Arshi Yasin — On building ‘The Bridge’

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Journalism fascinated Arshi Yasin, the 28-year-old who began her journey from Kishanganj — a small town near the borders of Bihar and Bengal in India — as a college-going student to Bangalore as a journalist/entrepreneur. After studying engineering and spending a few years running social media campaigns for various entities and among her other expertise, Arshi finally found her true calling — sports journalism.

She tapped into the start-up world dedicating her ambitions and skills to establish The Bridge — a digital media house covering all kinds of sports in India using textual and visual storytelling. Arshi co-founded the platform with Shuvro Ghoshal — her colleague from a former workplace — and manages a team of 20, only within a span of two years. Together, they are making waves in the Indian sporting world and sports journalism.

CFWIJ sat down with Arshi to chat about sports journalism in India, social impact of The Bridge, advice for aspiring women sports journalists and much more. Go read.

CFWIJ: Before establishing The Bridge, you worked as a writer, business developer, spearheaded digital campaigns and even headed the Aam Aadmi Party’s social media during its initial years. How did that all come together? And did it all prepare you to start your own digital news platform?

Arshi: In 2016, I came to Bangalore and started working with The Logical Indian — an independent and public-spirited digital media platform for Indian millennials. In 2017, we found out about a women’s ice hockey team in India. It was surprising for us, since India is predominantly obsessed with cricket.

So Shuvro Ghoshal — the co-founder of The Bridge, who was one of the sports writers at The Logical Indian, and I traveled to Ladakh, to work on stories and make documentaries. Upon reaching the region, we learned that the team had to participate in a tournament in Thailand and required funds to do so. We started a social media campaign and contacted the Ice Hockey Federation to arrange for funds. Because of The Logical Indian’s community strength and power of the internet, we were able to raise the funds.

Then Shuvro and I realized that India has so many sports related stories to be told, but there is no platform that focuses on other sports except for cricket. Numerous publications and media houses in different languages cater to cricket, but none of them accommodated other sports.

That’s where we identified a vacuum and found scope in this industry. So in the latter half of 2017, we conceived the idea. Today, if someone asks me about The Bridge’s competition, I say ‘none’. There is no India-centric sports portal that caters to the Olympics and lesser known sports.

CFWIJ: What challenges did you come across when you developed the idea of your start-up and created The Bridge subsequently?

Arshi: Entrepreneurship is not a cake walk. Both my co-founder and I belong to the middle class. We have had our fair share of struggles. But despite that, the most difficult part back then for us was to get the right kind of people for the company. It is still the biggest challenge. We have so many sports, but very few people follow table tennis, boxing, wrestling or weightlifting. But in the past two years, we have been blessed to have identified the right people. We are now a team of 20 people, all of whom are passionate about the work we do. Together, we have done interesting projects in the past two years.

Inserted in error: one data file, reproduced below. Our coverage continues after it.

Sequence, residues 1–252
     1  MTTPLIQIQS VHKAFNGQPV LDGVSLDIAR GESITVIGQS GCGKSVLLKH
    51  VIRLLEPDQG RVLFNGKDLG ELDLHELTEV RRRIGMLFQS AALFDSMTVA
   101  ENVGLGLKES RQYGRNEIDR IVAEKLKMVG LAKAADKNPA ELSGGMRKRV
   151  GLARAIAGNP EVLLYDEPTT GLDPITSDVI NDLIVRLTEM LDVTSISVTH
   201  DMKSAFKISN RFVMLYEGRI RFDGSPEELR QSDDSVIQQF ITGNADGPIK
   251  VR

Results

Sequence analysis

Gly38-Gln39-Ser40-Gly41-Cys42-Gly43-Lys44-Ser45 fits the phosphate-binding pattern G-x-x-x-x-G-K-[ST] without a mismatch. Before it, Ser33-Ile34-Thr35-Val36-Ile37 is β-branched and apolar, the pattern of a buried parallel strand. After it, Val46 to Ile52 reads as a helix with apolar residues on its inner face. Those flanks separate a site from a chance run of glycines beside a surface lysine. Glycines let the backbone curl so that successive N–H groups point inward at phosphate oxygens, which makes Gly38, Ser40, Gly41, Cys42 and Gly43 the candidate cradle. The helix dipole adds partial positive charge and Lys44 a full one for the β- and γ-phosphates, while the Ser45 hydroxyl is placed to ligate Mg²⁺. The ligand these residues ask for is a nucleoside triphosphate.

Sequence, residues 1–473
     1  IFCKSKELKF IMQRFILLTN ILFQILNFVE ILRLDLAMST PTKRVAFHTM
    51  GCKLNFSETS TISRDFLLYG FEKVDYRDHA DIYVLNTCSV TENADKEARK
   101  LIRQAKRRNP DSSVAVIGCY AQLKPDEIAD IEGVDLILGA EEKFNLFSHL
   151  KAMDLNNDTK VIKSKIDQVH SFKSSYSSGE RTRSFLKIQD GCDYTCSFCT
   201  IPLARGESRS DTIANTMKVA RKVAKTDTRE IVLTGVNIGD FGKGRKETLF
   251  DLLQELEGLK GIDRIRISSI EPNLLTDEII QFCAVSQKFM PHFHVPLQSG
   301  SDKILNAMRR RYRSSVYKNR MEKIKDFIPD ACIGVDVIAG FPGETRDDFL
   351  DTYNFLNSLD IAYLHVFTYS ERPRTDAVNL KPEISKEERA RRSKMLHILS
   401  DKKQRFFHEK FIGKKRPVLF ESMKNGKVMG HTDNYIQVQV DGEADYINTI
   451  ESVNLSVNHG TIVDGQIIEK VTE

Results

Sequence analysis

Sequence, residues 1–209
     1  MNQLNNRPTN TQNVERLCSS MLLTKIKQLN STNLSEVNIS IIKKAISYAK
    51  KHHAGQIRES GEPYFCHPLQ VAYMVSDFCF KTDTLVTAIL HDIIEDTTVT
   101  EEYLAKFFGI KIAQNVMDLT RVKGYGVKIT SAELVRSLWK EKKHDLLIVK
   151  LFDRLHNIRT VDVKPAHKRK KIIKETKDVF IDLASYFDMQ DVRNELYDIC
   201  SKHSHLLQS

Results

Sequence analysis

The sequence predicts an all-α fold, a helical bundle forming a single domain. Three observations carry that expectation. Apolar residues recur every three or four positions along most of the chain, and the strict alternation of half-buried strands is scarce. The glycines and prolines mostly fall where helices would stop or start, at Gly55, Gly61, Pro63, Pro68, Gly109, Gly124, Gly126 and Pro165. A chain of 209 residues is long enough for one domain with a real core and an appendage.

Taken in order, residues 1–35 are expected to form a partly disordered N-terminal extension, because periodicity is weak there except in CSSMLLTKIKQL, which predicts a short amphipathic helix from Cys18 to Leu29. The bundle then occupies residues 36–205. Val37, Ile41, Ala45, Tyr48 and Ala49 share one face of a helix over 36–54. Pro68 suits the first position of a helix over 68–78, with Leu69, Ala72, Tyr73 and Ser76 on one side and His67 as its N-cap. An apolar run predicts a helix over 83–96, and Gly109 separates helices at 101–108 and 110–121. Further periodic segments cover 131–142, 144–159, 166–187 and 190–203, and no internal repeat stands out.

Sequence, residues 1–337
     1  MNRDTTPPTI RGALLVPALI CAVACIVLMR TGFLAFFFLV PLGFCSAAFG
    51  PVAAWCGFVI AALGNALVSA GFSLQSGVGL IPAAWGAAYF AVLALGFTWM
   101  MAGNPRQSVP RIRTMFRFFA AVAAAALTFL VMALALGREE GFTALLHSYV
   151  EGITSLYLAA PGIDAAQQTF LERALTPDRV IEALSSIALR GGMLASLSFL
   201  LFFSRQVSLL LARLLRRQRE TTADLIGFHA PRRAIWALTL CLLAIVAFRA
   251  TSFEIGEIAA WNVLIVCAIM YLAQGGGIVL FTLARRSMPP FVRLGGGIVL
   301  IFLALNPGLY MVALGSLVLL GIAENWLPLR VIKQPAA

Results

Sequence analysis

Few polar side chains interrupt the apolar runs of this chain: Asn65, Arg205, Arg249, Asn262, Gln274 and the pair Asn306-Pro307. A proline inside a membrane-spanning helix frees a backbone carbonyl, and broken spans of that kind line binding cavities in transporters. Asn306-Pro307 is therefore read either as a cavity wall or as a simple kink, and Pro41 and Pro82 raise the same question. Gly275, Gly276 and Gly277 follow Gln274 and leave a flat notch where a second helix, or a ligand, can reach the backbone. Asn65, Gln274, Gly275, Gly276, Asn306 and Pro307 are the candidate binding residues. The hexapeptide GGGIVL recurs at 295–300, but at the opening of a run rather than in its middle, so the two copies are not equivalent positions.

For instance, a team of 16 women football players based in Munger — a city in Bihar, India — wanted to participate in a tournament organized by the United Nations, but they needed shoes — worth INR 90,000 — to play. We published an article on The Bridge and in a span of 24 hours people donated money to buy them shoes. The girls then went to Delhi to participate in the tournament, and won too.

With respect to funding for The Bridge, there was none, initially. But in 2018, we realised the need to expand. So we went out in the market and secured our seed funding, which was in February 2019, almost a year ago. Now, we are operating out of Bangalore and have an office space. This year is very important for us because of the Olympics and we are anticipated to see what is in store for us.

CFWIJ: With reference to the examples you have shared, did you ever think about the social impact of your work when you decided to highlight the often, undercovered sports in India?

Arshi: The social aspect is always there, especially for women in sports. We have come across stories of sportspersons from small villages where women get married at the age of 16, 17 or 18. But then these girls have chosen sports as a way of life, they have played well, they have won on the state and national levels, they keep performing well and have come out to participate in international tournaments. They are doing well for themselves, which is a good example of social impact.

I feel good that I’m contributing my bit in this aspect; every small step counts. I cannot build a viewership of 10 million in a day or a year; it will take time. But all these impactful projects give me strength to move ahead.

CFWIJ: How did you and your co-founder get seed funding for The Bridge? Do you both still struggle with that aspect of your start-up?

Arshi: If an idea is good, if the founders are passionate and get connected to the right set of investors, then it is not that difficult. Every investor is different; some are philanthropic but others focus on the profit that a company can make in a span of five to 10 years. In India, the pie of revenue in sports is dominated by cricket and other sports that are nowhere close to it. Fortunately, our investor is a like-minded individual. Even though The Bridge is a private limited company, he does not just ask us for a balance sheet because sports are very close to his heart, he believes in our idea and that is how he invested in it.